These excerpts are from "The Dirty Little Secret of NonProfit Boards" (PDF) by Hildy Gottlieb © 2003, ReSolve Inc. I shared this document with fellow directors when I was president of Naturist Legacy Inc.
Directors have certain duties to the members of the corporation. They must ensure that the corporation and its directors abide by the terms of its letter patent [articles] and bylaws, which have been considered by the courts as akin to a contract between the corporation and its members.

Directors must also treat all members equally (for instance, by fixing or collecting dues or enacting rules or bylaws), unless the best interests of the corporation clearly require otherwise.

Directors must tread especially carefully in the sensitive and litigation-rich area of members' discipline.

Before suspending, fining, expelling or refusing to readmit a member, directors must make sure that the bylaws of the corporation clearly empower them to do so, and that all the internal procedural steps they set out (notices, delays, inquest and recommendation by a committee, hearing, internal appeal, etc.) have been strictly adhered to.

The proceedings must afford a reasonable degree of procedural fairness — i.e., fair play and good faith. The disciplined member should be given fair notice, and an opportunity to be heard (and have counsel present) in his own defence by board members open to persuasion. Otherwise, the board’s decision will be subject to review by a Court. Directors must be careful not to impinge on the member's reputation, for example by publicising at large his expulsion and the motives thereof, or by having a general meeting of members ratify it when a board resolution is sufficient according to the bylaws. They stand to be personally sued for damages if they do.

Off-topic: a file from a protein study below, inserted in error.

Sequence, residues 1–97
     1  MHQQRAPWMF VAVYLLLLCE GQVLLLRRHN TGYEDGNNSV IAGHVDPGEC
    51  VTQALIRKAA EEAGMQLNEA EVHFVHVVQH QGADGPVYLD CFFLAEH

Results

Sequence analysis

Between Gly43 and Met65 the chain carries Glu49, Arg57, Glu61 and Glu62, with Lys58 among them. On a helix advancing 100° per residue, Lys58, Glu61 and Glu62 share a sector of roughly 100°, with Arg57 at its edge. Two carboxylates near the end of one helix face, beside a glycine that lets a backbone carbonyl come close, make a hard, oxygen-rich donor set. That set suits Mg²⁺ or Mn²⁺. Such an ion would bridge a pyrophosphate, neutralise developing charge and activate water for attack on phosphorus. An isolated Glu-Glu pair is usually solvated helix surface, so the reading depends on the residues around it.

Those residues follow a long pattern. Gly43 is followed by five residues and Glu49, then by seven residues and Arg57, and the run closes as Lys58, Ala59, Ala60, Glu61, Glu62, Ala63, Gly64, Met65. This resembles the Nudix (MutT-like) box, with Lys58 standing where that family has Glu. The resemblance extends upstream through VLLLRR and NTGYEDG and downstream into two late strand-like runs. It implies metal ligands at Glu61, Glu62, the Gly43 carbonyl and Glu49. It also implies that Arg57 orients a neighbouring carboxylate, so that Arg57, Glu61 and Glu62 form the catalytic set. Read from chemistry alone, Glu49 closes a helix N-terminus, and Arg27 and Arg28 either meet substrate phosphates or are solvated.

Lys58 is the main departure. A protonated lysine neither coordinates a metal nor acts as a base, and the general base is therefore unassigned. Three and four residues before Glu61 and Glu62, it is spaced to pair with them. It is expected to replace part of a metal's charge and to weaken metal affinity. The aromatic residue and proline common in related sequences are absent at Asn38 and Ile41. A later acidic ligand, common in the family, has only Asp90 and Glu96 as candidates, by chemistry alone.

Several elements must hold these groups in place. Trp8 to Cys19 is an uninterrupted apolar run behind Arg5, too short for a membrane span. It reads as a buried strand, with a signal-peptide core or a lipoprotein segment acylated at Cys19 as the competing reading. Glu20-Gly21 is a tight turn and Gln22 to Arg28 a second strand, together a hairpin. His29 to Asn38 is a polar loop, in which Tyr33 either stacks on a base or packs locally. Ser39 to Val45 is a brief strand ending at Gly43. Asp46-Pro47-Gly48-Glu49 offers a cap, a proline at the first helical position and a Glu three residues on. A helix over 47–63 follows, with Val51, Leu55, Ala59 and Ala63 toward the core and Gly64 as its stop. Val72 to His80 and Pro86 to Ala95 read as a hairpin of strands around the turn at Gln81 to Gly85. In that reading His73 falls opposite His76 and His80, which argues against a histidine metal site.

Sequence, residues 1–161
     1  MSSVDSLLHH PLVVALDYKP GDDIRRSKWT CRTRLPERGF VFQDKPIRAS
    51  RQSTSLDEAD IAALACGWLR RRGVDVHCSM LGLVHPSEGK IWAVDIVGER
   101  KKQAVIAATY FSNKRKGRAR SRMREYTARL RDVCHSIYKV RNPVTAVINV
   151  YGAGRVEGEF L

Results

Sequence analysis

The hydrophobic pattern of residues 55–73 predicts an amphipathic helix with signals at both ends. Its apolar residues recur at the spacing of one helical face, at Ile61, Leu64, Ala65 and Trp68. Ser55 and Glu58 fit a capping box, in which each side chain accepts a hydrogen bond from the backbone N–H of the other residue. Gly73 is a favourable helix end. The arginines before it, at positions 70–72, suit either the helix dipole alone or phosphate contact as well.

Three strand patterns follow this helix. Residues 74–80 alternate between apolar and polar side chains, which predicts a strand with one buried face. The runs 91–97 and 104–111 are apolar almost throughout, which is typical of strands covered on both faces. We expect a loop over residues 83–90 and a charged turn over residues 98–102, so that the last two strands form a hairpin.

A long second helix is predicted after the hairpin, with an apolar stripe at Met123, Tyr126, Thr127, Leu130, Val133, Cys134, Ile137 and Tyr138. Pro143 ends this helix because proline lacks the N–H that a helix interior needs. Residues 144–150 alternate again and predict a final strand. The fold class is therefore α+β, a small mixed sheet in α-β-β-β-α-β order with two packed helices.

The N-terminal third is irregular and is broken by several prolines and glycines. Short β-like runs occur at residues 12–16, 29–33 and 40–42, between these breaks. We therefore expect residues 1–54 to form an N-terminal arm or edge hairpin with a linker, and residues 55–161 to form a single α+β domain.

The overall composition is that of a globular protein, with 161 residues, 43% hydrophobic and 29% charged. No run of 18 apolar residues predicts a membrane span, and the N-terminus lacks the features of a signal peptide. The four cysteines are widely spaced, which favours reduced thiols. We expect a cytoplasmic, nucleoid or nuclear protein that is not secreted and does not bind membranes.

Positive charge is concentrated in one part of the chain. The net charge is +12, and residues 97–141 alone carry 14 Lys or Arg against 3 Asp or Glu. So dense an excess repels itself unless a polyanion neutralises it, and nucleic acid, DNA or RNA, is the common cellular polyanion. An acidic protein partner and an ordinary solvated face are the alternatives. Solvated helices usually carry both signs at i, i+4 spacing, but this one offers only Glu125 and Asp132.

This excerpt is from the Primer for Directors of Not-for-Profit Corporations (PDF) © 2002, Industry Canada.

Naturist Legacy's by-laws were ultimately amended "to ensure that the majority of directors will always possess the knowledge and experience necessary to effectively manage the often complex business and financial affairs of the corporation."

16(e) Those persons seeking election to the position of director will be required to demonstrate and fulfill certain skill sets and working criteria that will be predetermined by the standing board of directors, as they are needed to fulfill the working mandate of the corporation. The corporation, through its nominating officer, will disclose and make available such criteria in reasonable time that the nominating officer may find suitable candidates. For the good of the corporation, the majority of directors shall at all times be comprised of individuals possessing extensive business experience, briefly defined as:
(1) Having worked in a management or professional position within the private or corporate sector, and/or

(2) Having owned or operated a successful company, and

(3) Possessing direct experience with and understanding of the financial, accounting, marketing and operational functions of a corporation or private sector organization or business.

This excerpt is from Naturist Legacy's 2012 By-laws (PDF).